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     Volume 7 Issue 49 | December 19, 2008 |

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A Thank You Would Do

Julie Clothier

George Harrison and Edward Kennedy

A Bangladeshi lawyer who wants his country to officially recognise George Harrison and Ted Kennedy for highlighting its 1971 struggle for independence has taken his battle to the country's high court.

Masood Sobhan says it is a "disgrace" that the former Beatle and the US senator were never formally thanked by Bangladesh for publicising its suffering as it fought for independence from Pakistan.

"It is shameful. It is really a tragedy that we have to go to court to seek recognition for their great contribution to this country," Sobhan told AFP.

"It is a national debt. We should recognise them out of decency, out of moral obligation and out of gratitude."

Sobhan also wants the country to honour former Indian prime minister Indira Gandhi, who allowed many Bangladeshis to take refuge across the border during the war.

The case is expected to be heard before the end of the month.

Harrison famously penned the song "Bangla Desh" and held a benefit concert in New York's Madison Square Garden on August 1, 1971 to raise money for the grindingly poor, war-torn nation.

The Concert for Bangla Desh, which featured appearances by Bob Dylan and Eric Clapton, came about after Indian sitar maestro Ravi Shankar appealed for Harrison to do something to help.

The country was in the middle of a bloody nine-month war before the Pakistani Army surrendered on December 16, 1971.

Although no official figure has been determined, Bangladeshis widely believe some three million people were killed and 200,000 women were raped during the war, which came four months after a devastating cyclone killed half a million people and caused widespread destruction and famine in what was then East Pakistan.

Bangladesh was part of the Indian state of Bengal until the subcontinent was partitioned in 1947, when it became East Pakistan, 2,000 kilometres (1,200 miles) away from its administrative centre of West Pakistan (now Pakistan).

Harrison, who died in 2001 after a battle with lung cancer, never visited Bangladesh.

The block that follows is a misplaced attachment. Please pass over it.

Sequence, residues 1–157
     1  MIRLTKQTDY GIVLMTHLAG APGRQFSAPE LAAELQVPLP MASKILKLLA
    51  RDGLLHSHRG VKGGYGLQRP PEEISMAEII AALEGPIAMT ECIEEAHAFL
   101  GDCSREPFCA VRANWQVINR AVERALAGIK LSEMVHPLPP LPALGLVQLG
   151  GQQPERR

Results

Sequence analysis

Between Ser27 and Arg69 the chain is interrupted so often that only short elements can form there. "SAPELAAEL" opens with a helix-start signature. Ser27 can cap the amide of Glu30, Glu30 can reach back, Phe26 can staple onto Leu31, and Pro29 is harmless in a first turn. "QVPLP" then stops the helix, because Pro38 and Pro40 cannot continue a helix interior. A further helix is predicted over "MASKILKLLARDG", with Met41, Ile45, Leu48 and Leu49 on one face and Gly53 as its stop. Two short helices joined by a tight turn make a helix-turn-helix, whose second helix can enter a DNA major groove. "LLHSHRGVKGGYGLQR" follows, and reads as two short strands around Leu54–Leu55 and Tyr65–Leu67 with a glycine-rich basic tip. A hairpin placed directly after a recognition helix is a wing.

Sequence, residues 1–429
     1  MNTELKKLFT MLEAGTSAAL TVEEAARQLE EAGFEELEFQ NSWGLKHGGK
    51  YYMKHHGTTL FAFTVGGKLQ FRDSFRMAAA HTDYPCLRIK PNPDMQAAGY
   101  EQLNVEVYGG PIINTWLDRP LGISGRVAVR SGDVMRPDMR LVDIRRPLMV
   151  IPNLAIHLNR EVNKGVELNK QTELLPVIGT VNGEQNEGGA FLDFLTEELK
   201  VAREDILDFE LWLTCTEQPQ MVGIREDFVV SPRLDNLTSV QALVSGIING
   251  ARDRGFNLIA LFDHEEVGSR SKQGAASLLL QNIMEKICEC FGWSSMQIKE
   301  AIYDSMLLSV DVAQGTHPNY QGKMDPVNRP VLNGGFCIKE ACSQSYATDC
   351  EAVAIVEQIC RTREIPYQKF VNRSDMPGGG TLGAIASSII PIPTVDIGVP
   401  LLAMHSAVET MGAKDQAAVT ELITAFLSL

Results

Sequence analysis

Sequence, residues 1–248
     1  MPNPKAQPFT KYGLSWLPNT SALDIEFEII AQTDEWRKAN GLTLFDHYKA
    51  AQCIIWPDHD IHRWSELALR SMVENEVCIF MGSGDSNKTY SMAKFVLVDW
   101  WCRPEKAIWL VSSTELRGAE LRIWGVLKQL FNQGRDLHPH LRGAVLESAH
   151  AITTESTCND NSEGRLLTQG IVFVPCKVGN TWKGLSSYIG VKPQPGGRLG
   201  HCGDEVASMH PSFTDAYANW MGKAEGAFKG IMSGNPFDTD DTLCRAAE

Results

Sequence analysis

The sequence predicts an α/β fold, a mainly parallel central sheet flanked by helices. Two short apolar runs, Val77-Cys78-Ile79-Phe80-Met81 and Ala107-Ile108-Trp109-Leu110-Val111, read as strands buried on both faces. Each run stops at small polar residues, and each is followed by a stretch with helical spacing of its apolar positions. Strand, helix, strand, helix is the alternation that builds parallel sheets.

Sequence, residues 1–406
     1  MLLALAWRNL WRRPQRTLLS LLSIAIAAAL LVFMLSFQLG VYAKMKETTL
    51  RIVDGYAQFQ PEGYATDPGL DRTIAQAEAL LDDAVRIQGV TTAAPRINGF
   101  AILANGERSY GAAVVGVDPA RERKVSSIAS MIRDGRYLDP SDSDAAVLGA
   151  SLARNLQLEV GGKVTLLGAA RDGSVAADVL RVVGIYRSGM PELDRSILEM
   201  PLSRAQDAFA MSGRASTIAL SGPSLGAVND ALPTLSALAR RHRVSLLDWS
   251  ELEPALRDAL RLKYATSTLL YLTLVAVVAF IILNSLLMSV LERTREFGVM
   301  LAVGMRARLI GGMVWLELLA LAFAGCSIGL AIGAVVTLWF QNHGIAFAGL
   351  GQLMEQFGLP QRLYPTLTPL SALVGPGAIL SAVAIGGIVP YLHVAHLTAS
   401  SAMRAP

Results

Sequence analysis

Sobhan argues Senator Kennedy, who was diagnosed with a malignant brain tumour earlier this year, was equally instrumental in drawing attention to the plight of both those who had fled Bangladesh and those who stayed behind during the war.

"He needs to know in his lifetime that we are grateful for all he did. That invitation needs to come from the state," said Sobhan, adding that it would be up to officials to decide exactly how to recognise Kennedy, Harrison and Gandhi.

Akku Chowdhury, a war veteran who helped create the Liberation War Museum in Dhaka 12 years ago, says Harrison was a true pioneer.

"When George Harrison and his friends held a concert to tell people about this far off place called Bangladesh, the world had never had a concert like that ever," says Chowdhury, who has created a whole room dedicated to The Concert For Bangla Desh at the museum.

"Since then we've had a lot of concerts raising awareness for Africa, but back in 1971 this was the first of its kind."

Masters student Joy Shahriar said that even though Harrison never had any official recognition in Bangladesh, the so-called "quiet Beatle" remains an iconic figure among the country's youth.

Shahriar sells t-shirts with the Beatle's photo emblazoned
across the front for two dollars each.

"We made these t-shirts because there's a lack of official information about what happened during our liberation war," says Shahriar.

"George Harrison helped tell people what was happening here back then and the t-shirts continue to do that today. It's fashionable as well as giving out a message.”

Afp, Dhaka


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